They started off well. The liquor store had been called
. But the obvious religious reference upset the
Albemarle Christian Union
, a conservative church located twenty miles away in Elizabeth City. The church contacted other like-minded churches in the area, which pooled their pulpits and purses in an effort to shut
down. In 1976’s North Carolina, liquor stores didn’t shut down they changed names. The owner of
likened the abuse from local churches to the Salem Trials. There was only one name he could come up with,
Salem Fine Spirits
was located 10 miles from the Harvey Point Defense Center in the tiny town of Hertford, North Carolina. Although Hertford had a population of about 1,800, it could support a liquor store but just one.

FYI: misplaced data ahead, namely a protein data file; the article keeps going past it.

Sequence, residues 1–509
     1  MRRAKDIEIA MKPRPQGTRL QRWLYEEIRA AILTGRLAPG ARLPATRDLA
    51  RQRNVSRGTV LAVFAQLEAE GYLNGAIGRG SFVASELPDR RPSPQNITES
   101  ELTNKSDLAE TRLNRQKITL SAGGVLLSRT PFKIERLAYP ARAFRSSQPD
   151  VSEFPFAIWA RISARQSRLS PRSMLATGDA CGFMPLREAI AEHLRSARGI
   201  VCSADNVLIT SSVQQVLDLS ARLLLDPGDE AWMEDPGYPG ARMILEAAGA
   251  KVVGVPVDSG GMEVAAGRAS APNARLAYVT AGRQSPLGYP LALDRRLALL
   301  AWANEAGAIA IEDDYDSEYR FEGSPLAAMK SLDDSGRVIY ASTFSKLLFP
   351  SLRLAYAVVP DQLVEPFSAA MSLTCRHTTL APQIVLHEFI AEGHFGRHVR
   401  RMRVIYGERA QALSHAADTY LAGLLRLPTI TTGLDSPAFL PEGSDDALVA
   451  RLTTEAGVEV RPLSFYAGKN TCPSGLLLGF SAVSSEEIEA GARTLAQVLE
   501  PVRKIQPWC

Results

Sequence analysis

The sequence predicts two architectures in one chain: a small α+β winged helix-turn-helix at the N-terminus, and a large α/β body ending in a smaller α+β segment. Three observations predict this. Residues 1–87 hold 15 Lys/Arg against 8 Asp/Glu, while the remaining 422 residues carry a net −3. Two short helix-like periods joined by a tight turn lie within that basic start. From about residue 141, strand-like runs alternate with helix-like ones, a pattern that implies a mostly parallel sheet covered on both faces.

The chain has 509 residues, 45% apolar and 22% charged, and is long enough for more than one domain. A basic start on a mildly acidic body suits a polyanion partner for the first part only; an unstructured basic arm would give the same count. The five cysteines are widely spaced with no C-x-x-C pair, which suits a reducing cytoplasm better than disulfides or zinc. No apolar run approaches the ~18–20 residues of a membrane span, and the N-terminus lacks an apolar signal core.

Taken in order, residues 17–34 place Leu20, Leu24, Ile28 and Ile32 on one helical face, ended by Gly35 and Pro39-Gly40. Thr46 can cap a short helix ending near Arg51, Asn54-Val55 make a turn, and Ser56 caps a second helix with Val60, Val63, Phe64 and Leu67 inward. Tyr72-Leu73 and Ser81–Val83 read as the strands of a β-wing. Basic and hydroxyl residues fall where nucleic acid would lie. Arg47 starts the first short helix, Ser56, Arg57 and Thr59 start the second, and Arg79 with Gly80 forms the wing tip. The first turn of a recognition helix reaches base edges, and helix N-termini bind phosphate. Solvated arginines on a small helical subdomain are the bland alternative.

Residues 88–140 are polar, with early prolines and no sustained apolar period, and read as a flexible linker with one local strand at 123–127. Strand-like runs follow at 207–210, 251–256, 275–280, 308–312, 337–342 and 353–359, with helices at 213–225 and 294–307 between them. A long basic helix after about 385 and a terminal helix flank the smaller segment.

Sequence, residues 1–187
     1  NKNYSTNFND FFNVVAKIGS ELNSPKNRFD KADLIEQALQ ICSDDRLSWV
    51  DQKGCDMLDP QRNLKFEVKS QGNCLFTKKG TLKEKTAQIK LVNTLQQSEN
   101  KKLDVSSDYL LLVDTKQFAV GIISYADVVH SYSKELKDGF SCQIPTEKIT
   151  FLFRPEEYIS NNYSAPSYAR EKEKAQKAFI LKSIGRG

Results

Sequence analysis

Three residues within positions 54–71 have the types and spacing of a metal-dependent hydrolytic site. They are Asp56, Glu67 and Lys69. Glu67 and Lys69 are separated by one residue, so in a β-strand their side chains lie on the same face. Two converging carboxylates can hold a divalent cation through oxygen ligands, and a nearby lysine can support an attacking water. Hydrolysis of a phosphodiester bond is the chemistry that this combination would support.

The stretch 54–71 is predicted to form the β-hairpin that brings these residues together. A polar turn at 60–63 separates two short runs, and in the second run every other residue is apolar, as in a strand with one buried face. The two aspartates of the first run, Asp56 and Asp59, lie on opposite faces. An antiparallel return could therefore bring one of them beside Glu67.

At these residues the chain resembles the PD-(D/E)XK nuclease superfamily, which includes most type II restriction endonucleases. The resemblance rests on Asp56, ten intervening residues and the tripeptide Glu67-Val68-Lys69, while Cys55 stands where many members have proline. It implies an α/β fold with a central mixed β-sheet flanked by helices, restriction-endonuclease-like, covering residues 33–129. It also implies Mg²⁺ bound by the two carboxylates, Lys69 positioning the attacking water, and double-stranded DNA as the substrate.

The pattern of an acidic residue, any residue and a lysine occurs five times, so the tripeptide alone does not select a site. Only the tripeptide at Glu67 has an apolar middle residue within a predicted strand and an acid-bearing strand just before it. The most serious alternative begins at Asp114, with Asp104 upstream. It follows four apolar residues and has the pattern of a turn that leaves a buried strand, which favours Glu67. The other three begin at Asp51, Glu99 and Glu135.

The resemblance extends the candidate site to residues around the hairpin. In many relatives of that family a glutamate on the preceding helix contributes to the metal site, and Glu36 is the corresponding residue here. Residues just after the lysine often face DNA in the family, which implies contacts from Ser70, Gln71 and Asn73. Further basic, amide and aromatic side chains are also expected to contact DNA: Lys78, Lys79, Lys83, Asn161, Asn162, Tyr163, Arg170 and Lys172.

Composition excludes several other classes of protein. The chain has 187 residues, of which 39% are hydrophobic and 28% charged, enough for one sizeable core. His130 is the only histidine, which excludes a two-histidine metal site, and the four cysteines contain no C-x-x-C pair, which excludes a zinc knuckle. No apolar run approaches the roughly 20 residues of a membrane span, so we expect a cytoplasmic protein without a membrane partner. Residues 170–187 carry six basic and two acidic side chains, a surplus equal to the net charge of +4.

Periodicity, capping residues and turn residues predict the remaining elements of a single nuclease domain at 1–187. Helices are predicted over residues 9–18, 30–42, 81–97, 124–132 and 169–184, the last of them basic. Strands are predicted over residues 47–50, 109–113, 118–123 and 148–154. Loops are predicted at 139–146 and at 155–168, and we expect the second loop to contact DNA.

supplied the whole town. The Peers didn’t live in Hertford. They lived at Harvey Point. But they drank in Hertford. There was a
Super 8 Motel
on the edge of Hertford along Ocean Highway. They rented three rooms and decided on an inexpensive send off. The Peers had a rule they agreed on. Although some came from money, they only spent their CIA salary—government pay.
Their staple was a budget-friendly beer called
was a popular beer on the American West Coast in 1972. By 1976, it had migrated east. Hagan stacked three six-packs of
on top of each other and looked for more room to carry more alcohol. Alan was a Forsythe. The Forsythes drank whiskey. Alan was used to
blended Scotch but was reminded of his CIA trainee paycheck. He put his hand on the bottle but took it off. He knew liquor stores usually put their low-priced bottles at the bottom, out of the line of sight. He glanced down to see bottles of strangers.
wasn’t the only blended Scotch but it was the only one he knew. He went with family tradition, forsaking the cheaper bottles at the bottom. He thought he could mix